Two Baseball Trivia Questions and a Stickler Proviso
Some baseball trivia for you. The first question is a little complicated but here we go.
There are 27 players who have hit 500 or more homeruns—the most being Barry Bonds at 762. His best single-season total is, of course, 73. Ruth's is 60, Foxx 58, A-Rod 57, Griffey 56.
So of the 27, whose single-season high is the lowest?
I don't know if this is a hint, but here we go: He's the only guy in the 500 club who never hit 40 homeruns in a season. He didn't even hit 35. His high is 33.
While you're pondering that (if you're pondering that)...
I came across the question after noticing that only eight players ever played in more than 3,000 games, and two of these were teammates. They weren't teammates for their entire careers, just for 7+ years. But those were good years for both of them. And they're both identified with that team: Each went into the Hall of Fame wearing that cap. So that's another, related trivia question: Who are the only two players with more than 3,000 career games who played on the same team?
The big three in games played are Rose (3,562 games), Yaz (3,308) and Aaron (3,298). The other five in the 3,000-game club are all between 3,000 and 3,100 games.
As for the teammates? Cal Ripken, Jr. (3,001 games) and Eddie Murray (3,026 games).
Murray is also the answer to the earlier trivia question. As a rookie in 1977 he hit 27 homeruns. For 20 years, from 1977 to 1996, he never hit more than 33 (in 1983) nor less than 16 (1992). In all but five of those years, he was within six of his rookie year total. That's pretty stunning consistency. He was on low simmer all the time.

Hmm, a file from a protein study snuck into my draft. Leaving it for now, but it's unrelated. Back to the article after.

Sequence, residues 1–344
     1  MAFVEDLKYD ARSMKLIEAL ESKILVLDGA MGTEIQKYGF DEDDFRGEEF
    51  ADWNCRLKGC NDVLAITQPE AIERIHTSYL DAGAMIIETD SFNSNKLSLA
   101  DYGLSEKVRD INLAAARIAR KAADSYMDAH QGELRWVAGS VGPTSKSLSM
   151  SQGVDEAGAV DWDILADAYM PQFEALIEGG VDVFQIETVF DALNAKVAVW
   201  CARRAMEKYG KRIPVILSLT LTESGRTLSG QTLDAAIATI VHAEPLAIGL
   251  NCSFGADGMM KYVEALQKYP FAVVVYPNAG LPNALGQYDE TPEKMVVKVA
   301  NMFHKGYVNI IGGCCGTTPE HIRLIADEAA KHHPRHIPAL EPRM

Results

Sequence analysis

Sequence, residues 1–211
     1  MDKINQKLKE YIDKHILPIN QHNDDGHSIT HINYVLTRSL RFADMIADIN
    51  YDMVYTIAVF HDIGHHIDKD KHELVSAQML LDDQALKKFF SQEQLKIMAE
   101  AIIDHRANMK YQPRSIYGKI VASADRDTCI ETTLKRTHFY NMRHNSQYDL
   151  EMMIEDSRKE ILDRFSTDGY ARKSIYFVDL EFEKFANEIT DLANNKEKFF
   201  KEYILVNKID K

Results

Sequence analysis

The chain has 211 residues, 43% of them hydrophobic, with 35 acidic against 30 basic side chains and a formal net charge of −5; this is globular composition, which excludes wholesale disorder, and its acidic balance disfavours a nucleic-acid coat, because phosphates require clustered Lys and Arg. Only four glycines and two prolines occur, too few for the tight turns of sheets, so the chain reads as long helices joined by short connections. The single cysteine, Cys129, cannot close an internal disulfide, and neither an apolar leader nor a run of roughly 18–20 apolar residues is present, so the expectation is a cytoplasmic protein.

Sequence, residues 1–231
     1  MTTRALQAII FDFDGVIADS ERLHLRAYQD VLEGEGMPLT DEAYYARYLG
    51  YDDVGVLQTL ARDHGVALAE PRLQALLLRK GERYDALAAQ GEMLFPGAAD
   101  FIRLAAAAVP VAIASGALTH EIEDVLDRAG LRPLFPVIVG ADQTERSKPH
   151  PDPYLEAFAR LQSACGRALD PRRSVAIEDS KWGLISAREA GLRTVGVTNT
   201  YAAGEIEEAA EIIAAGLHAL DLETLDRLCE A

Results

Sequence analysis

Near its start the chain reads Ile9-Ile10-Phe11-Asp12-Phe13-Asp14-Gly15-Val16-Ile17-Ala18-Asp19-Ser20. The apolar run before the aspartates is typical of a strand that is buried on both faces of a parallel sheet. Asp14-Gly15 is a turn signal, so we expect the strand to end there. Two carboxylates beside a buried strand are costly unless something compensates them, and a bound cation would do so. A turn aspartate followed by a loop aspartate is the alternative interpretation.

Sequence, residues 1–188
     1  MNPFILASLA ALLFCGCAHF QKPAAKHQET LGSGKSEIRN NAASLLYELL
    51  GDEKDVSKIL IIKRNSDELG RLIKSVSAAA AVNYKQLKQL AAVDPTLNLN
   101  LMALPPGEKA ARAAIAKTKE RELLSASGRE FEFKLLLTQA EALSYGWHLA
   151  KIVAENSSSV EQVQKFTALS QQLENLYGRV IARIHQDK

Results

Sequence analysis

The next lowest single-season high among the 500 HR guys? 42, from Mel Ott.
I should add, for the 3,000-game teammate question, there is a proviso, but it's for the stickiest of sticklers.
In his last season in the Majors, 1997 (in which he hit only three homers), Eddie Murray was playing for the Anaheim Angels until they released him on August 14. A week later, he signed with the LA Dodgers and finished his career there. But the day before his release, August 13, the Angels traded for Rickey Henderson, who also played in 3,000 career games (3,081). So technically these two were teammates, but just for an odd part of a day; and they never played together. Murray's last game with the Angels was on August 12 (he pinch-hit for Jack Howell and grounded to 3rd), while Rickey's first game for the Angels was on August 14 (he led off and went 0-5). Ships in the night more than teammates. But I thought I would raise it before someone else did.